Some days ago I received my credit card bill and it was about ₹ 24,000. This was expected as I had done a lot of shopping when there were raining discounts on products on Amazon and Flipkart. When I was about to transfer money from my account to pay the bill, I realized that I don't have the money in my bank account to pay the bill. I was awestruck. This has never happened to me before. I logged into my bank account to look at my transactions. At that moment I realized that I had lent some money to my friend and I had less than ₹ 20,000 in my account. I paid whatever was available in my account to avoid the huge interest that they usually charge on credit cards.

Obviously, this is not a big issue. But this did make me realize one thing - I would have never spent money on shopping if I didn't have enough of it in the first place. Where is the money coming from when my spending limit should not be more than my in-hand salary? The answer is - the money comes from the huge spending limit that I have on my credit card. My spending limit is ₹ 2,50,000 which is about 5 times more than my salary. The card is my default payment method on all the websites. It is saved for faster checkout. I wonder if the websites even care for us. They care for our money. They save our details so that we only have to enter the CVV and complete the transaction. They don't wish to see any friction that might prevent us from completing the purchase. 

American Express offers cash points on transactions. More the transactions more are the cash points received. These cash points can then be used to get discounts on luxury hotels, resorts, tourist packages, coffee at Starbucks or Thai spa. Here is the fun fact - I would never spend my hard-earned money on luxury that is not even worth the price I pay for. But, if there is a tag that says "50% discount", I might start to consider the offer even though I don't need it. This is what consumerism is all about - the singular concept on which capitalism works. Companies convince you that you need the product that they are selling. If they are unable to convince you, they will convince your friends. Once you begin to see that your friends use the product, you will be very much convinced to buy it (mostly under peer pressure). What can stop you now? Don't you have the money to make the purchase? Don't worry, there are credit providers who will give you the credit to purchase it (and also partly earning their commission). Are you still not convinced? How about a 20% discount that is only available when you purchase two of the kind. Their job is to sell and they will do it no matter what.

Manufacturers are selling products, institutions are selling degrees, banks are selling loans, insurers are selling insurance for the loans and corporates are selling shares and bonds. The goal is to increase the per capita consumption of the economy. Consumerism is ever-increasing, just like entropy; it takes a certain amount of work to be done to control it. I took out some time to analyze my expenses and come up with some ground rules for myself to keep my consumption in check. Here I enlist them as following:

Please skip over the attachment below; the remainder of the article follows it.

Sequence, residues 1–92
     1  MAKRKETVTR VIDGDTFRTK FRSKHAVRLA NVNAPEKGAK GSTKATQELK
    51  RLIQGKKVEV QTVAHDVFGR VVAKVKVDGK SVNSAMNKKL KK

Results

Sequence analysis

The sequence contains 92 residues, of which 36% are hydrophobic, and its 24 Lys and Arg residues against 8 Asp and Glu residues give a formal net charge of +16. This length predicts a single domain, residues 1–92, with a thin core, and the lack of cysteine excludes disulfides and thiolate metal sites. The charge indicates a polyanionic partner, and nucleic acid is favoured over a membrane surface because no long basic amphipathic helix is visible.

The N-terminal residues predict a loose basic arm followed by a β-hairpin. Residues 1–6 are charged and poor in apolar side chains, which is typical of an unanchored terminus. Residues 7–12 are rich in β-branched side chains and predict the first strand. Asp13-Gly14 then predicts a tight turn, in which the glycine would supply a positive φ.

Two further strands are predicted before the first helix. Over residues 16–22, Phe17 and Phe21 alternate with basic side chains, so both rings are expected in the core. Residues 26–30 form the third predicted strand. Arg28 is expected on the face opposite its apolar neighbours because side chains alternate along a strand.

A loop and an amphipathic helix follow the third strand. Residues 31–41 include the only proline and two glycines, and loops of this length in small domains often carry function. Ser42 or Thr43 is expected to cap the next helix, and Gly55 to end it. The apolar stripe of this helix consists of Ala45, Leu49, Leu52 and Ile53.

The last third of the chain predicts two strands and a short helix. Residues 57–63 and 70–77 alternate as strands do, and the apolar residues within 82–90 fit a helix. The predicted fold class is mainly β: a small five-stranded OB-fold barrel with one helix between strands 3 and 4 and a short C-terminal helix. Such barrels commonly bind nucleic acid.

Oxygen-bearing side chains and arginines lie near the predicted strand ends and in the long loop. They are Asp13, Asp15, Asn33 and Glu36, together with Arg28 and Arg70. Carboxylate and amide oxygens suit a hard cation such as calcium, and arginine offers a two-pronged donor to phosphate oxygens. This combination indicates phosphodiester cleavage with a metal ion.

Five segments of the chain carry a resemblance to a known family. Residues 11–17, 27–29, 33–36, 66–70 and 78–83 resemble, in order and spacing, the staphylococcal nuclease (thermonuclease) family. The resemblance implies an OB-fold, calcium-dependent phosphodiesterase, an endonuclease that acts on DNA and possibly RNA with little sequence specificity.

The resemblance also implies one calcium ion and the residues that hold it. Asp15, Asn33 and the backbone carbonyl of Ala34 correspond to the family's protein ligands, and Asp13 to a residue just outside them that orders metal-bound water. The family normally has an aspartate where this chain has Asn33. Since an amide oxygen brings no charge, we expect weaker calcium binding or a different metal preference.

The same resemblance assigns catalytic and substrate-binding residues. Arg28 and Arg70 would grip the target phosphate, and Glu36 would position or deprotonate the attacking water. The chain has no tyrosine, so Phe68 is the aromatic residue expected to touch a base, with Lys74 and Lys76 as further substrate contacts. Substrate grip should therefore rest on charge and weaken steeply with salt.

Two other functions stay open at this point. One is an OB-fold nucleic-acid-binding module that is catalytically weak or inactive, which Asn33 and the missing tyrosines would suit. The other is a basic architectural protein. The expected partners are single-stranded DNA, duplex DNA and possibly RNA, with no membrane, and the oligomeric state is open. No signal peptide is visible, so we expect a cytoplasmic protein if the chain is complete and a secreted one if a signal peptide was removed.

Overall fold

• Get rid of your credit card. It was solely created to increase the capacity of consumption of an individual. If you still wish to keep one then make sure that the credit limit is no more than the amount that you think you should spend. 
  • Add a lot of friction for yourself to complete a transaction. Most of the shopping we do today is through websites or mobile apps. Turn off the notifications that you receive from such apps. Opt-out of receiving offer emails. If you still receive them, mark them as spam. Remove all the saved card details on the websites. Avoid window shopping. Often it leads to a completed purchase if you see even a small discount on the products. 
  • Never get overwhelmed by the discounts on the products. If there is a discount, the product is far cheaper than what you would be spending on it. Think very carefully about it. Check how useful will the product be. How frequently would you use it? 
  • Save! Save! Save! You always have more than you need. A small amount of misery in your lifestyle can make a huge difference to your attitude toward saving. Don't waste food. Spend less on fancy food. Spend less on branded clothing. See if there is a cheaper alternative. Research before you purchase. The levels of savings will depend on person to person. Relatively, try to spend less than what you usually did.
The fundamental force that drives me to keep my consumerism under check is related to the emotional value of leaving behind a somewhat better world for the children. I don't expect you to be able to comprehend this value. You are free to believe that we only have a single chance to live and so we should take away whatever we can. See if the following native American proverb helps:

We didn't inherit this world from our forefathers. We borrowed it from our children!


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